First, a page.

With the 2016 presidential election right around the corner it’s important for residents to know and understand Wisconsin’s voting laws. If you follow this guide you will be able to cast your ballot on November 8th without issue.
If you want to vote on Election Day you must be registered to vote in Wisconsin. Follow this quick and easy step by step process to make sure you are properly registered:
- Access My Vote Wisconsin by going to https://myvote.wi.gov/en-us/
- Select “search by name” in the upper right hand corner
- Enter your name and birth date and click search
- Once you click search you should see your voter status, name, address, and your designated polling location (where you go to vote).
- At this point you can change your voter registration information by selecting “update name” and/or “update address.”
- If your name doesn’t appear the website will give you the option to register online.
If you’re not registered to vote on November 8th you still have the option to register at your designated polling location the day of the election.
Wisconsin’s Vote ID Law
Wisconsin’s Voter ID law is still in effect for the November 8, 2016 presidential election. Portions of the Voter ID law were struck down in July but the law itself still stands.
To vote in Wisconsin you must bring, to your polling location, a form of identification. There is not a separate “voter ID” card. Any of the following forms of identification will satisfy the requirements of Wisconsin’s Voter ID law:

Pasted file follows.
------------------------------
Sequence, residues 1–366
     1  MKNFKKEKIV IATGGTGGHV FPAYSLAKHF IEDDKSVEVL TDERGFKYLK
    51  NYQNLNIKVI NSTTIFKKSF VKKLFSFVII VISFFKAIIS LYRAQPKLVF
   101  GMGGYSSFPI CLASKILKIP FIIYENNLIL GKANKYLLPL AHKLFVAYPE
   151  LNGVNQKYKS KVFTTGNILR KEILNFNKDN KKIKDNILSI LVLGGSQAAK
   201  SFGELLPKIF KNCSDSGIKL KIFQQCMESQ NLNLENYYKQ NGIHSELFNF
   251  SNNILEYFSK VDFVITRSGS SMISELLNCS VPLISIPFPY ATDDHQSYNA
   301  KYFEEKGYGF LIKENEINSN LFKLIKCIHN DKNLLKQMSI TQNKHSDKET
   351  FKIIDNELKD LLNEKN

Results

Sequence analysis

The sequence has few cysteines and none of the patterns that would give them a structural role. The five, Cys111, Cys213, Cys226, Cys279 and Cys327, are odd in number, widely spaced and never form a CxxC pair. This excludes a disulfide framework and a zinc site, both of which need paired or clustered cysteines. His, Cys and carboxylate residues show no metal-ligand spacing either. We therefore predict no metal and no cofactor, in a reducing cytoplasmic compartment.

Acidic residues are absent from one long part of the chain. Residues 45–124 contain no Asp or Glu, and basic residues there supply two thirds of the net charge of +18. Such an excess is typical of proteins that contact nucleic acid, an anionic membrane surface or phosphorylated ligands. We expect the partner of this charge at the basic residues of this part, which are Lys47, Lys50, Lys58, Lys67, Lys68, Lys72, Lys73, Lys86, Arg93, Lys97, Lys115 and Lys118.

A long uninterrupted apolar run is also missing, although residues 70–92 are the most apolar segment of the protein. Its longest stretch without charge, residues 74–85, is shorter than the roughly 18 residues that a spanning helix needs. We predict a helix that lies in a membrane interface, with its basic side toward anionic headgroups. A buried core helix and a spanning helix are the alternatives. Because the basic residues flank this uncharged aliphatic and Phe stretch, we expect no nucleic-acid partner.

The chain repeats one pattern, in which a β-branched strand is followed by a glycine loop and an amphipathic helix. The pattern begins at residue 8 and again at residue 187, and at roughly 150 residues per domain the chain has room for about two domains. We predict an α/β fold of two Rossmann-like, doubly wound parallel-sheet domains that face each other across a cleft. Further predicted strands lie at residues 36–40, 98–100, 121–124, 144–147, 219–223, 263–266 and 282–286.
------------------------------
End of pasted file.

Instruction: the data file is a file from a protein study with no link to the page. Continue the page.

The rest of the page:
- A Wisconsin Department of Transportation (“DOT”) issued driver license, even if driving privileges are revoked or suspended
- A Wisconsin DOT issued identification card
- A Wisconsin DOT issued identification card or driver license without a photo issued under the religious exemption.
- Military ID card issued by U.S. Uniformed Services
- A United States Passport
- An identification card issued by a federally recognized Indian tribe in Wisconsin
- A photo identification card issued by a Wisconsin accredited university or college that contains the date of issuance, signature of student, and an expiration date no later than two years after the date of issuance. **IMPORTANT NOTE: The university or college ID must be accompanied by a separate document that proves enrollment.
Any of these forms of identification are valid as long as they didn’t expire before November 4, 2014.
The following forms of identification will also be accepted but they must be current; these forms of identification cannot be expired:
- A veteran’s photo identification card issued by the Veterans Health Administration of the U.S. Department of Veterans Affairs
- A certificate of naturalization that was issued not earlier than two years before the date of an election at which it is presented
- A driving receipt issued by Wisconsin DOT (valid for 45 days)
- An identification card receipt issued by Wisconsin DOT (valid for 45 days)
- A temporary identification card receipt issued by Wisconsin DOT through the Identification Petition Process (IDPP) (valid for 60 days)
- A citation or notice of intent to revoke or suspend a Wisconsin DOT-issued driver license that is dated within 60 days of the date of the election.If you do not have an ID that qualifies under Wisconsin’s Voter ID law you can go to your local Department of Motor Vehicles (DMV) and obtain a free state-issued ID. To obtain a free ID you’ll need to bring, to the DMV, a birth certificate/social security card and a utility or cell phone bill to prove residency.
A law that placed restrictions on early voting was struck down by a federal court in July. Cities, villages, and towns are now free to set their own hours for early voting in Wisconsin. If you’re interested in voting early contact your local clerk’s office for information:
City of Sheboygan: Susan Richards 920-459-3364
City of Sheboygan Falls: Sabrina Dittman 920-467-7900, ext 110
Village of Kohler: Laurie Lindow 920-459-3873
City of Plymouth: Patricia Huberty 920-893-1271
Town of Sheboygan: Catherine Conrad 920-451-2320